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May 20, 2005

Smackdown: 146 and Counting

Major props to Seattle mayor Greg Nickels who recently started the US Mayors Climate Protection Agreement. It is becoming something of a smackdown to federal leadership that refuses to take global warming seriously. The idea is simple: if the US government won't ratify the Kyoto Protocol, then the constituent parts of the nation will.

So Seattle made the pledge to meet Kyoto's standards (reduce greenhouse gas emissions 7 percent from 1990 levels by 2012); and then Nickels started rounding up other cities to join in. The response has been overwhelming, and not just from small-fry or blue-state cities either. The full list is here. Following are a few of my favorites:

New York, Los Angeles, San Francisco, Oakland, Miami, Newark, Denver, Salt Lake City, Minneapolis, Little Rock, Louisville, New Orleans, Boston, Kansas City, Albuquerque, Austin, Portland, and Tacoma.

It's a surprisingly diverse list, drawing together nearly 31 million Americans from 36 states--everywhere from Cambridge, Mass to Macon, Georgia to Gary, Indiana. Nickel's initiative picked up some nice media coverage in the New York Times recently, among other places.

For Cascadia counters: The list includes 12 cities in Washington, 3 in Oregon, 2 in Montana, and 30 in California. None, so far, in Idaho or Alaska.

UPDATE: Some other non-Cascadian pledges worth noting: The states of New York, Massachusetts, and Maine have all pledged to reduce statewide greenhouse gas emissions by 10 percent by 2020. New Jersey has pledged 5 percent reductions by 2005. Taken together, these northeast state initiatives add up to more than 35 million Americans who are pledging to Kyoto-like carbon targets.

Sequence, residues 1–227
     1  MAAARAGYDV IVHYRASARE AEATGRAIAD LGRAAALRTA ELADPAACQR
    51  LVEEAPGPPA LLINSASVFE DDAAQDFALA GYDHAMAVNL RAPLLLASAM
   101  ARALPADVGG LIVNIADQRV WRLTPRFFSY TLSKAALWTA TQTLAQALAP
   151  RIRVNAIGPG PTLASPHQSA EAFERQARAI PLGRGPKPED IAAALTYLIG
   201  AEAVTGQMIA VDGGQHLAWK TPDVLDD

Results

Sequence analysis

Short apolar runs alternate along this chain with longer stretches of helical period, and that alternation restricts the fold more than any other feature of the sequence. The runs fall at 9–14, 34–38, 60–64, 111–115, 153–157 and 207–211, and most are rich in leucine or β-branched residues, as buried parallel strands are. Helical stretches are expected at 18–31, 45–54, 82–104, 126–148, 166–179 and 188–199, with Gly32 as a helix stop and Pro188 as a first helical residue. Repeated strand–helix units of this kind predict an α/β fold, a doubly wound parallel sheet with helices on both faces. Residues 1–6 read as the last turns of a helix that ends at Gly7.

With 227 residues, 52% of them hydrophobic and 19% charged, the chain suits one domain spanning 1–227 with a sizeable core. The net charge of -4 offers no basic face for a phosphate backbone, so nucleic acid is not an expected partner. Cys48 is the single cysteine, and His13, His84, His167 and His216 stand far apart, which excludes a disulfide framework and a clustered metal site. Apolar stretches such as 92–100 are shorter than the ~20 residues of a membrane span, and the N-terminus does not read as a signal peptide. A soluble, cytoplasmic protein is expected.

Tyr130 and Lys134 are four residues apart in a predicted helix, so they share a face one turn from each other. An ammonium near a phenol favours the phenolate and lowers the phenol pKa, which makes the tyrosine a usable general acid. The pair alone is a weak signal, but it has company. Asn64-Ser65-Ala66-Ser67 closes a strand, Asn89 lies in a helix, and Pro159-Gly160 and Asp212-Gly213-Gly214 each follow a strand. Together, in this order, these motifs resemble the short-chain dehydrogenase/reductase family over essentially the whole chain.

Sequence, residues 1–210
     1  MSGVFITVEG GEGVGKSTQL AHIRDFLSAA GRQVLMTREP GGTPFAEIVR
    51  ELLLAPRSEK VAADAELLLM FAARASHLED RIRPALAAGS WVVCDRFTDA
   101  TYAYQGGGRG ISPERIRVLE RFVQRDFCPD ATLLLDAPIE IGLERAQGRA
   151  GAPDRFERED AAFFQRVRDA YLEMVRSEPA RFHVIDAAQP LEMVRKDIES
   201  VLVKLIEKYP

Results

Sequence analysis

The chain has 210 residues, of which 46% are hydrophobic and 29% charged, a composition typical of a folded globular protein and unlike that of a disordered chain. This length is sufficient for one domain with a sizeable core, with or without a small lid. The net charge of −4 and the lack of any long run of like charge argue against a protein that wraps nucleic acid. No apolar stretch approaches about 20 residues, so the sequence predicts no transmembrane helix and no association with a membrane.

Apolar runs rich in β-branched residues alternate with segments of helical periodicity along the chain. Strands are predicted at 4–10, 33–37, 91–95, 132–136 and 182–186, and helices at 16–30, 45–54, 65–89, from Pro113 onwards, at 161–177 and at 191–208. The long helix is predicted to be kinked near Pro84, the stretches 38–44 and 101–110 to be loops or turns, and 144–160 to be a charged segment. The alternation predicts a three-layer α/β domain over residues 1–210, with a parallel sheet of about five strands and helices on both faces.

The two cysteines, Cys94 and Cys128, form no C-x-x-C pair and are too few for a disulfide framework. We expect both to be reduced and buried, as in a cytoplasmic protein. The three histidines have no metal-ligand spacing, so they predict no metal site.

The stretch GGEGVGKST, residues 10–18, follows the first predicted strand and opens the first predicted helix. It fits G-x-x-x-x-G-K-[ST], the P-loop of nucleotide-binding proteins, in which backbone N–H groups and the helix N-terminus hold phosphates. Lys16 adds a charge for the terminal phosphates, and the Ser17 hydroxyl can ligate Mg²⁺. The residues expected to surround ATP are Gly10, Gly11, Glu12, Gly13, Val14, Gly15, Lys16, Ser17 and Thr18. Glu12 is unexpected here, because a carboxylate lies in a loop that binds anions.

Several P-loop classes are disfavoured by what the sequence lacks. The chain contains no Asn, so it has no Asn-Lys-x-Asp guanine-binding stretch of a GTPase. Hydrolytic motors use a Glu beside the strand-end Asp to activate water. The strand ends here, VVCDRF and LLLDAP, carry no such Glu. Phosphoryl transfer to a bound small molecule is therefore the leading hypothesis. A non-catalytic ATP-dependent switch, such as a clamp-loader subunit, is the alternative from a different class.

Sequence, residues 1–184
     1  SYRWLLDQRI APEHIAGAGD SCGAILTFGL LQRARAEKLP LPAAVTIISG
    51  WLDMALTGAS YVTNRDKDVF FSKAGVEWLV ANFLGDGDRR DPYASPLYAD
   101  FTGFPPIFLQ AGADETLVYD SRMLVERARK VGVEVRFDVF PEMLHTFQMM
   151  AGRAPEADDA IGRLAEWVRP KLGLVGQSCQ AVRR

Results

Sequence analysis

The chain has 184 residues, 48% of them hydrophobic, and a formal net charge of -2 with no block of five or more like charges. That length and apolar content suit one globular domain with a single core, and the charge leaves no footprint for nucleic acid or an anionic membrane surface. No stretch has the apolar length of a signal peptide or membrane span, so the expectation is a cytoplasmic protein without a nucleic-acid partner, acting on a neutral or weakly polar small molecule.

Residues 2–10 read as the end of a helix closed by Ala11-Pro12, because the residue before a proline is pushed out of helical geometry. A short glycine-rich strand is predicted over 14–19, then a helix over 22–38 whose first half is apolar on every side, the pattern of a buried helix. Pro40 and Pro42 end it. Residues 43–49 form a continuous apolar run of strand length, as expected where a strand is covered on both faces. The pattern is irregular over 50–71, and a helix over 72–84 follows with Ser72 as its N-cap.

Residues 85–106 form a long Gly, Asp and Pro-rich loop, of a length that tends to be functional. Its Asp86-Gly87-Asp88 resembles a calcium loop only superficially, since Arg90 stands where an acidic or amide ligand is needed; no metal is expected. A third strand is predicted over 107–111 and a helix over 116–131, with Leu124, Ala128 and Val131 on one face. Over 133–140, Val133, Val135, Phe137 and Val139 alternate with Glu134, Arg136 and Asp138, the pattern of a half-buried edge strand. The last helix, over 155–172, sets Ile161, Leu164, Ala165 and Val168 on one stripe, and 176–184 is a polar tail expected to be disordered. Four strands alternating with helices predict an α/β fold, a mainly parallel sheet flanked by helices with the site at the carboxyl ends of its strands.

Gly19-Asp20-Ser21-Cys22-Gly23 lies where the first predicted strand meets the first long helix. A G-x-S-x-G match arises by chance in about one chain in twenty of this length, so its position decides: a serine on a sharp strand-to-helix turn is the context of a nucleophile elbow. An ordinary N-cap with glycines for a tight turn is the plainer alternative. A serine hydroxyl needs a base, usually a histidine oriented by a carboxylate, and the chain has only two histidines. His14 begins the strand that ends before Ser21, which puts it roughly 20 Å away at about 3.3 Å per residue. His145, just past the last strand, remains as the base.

Posted by Eric de Place | Permalink


You might have pointed out that the Canadian Liberal government just passed funds to implement their Kyoto obligation -- no independent city actions needed there!

Of course, the 800 pound gorilla in the room is that carbon reduction REALLY means energy reduction. There are no carbon-neutral alternatives that are capable of taking up the slack in the time allotted.

I think that's a wonderful thing, but I doubt the 31 million Americans understand that Kyoto really means a 7% cut in the profligate life style they've become used to!

Posted by: Jan Steinman | May 20, 2005 5:10:01 PM

Good point, Jan. Canada deserves much credit for ratifying and funding Kyoto. But keep in mind, Canada is not exactly exemplary either when it comes to carbon emissions and energy consumption.

On a per capita basis, Canadians produce 95 percent as much carbon as Americans. And the Canadian economy is actually more carbon-intensive than the United States. Canada produces 25 percent more carbon to generate $1 of wealth than does the United States. In fact, Canada has one of the most carbon-intensive economies in the entire world.

Also, Canada agreed to 6% reduction in greenhouse gas emissions, which is less than most other Western countries, including the U.S. (7%)
(which, of course, hasn't ratified...)

Canadians are right to be proud of their government's commitment to climate protection, especially in light of the US federal government's irresponsibility. But on a per capita basis, Canadians are every bit as profligate as Americans.

Posted by: Eric de Place | May 23, 2005 10:07:35 AM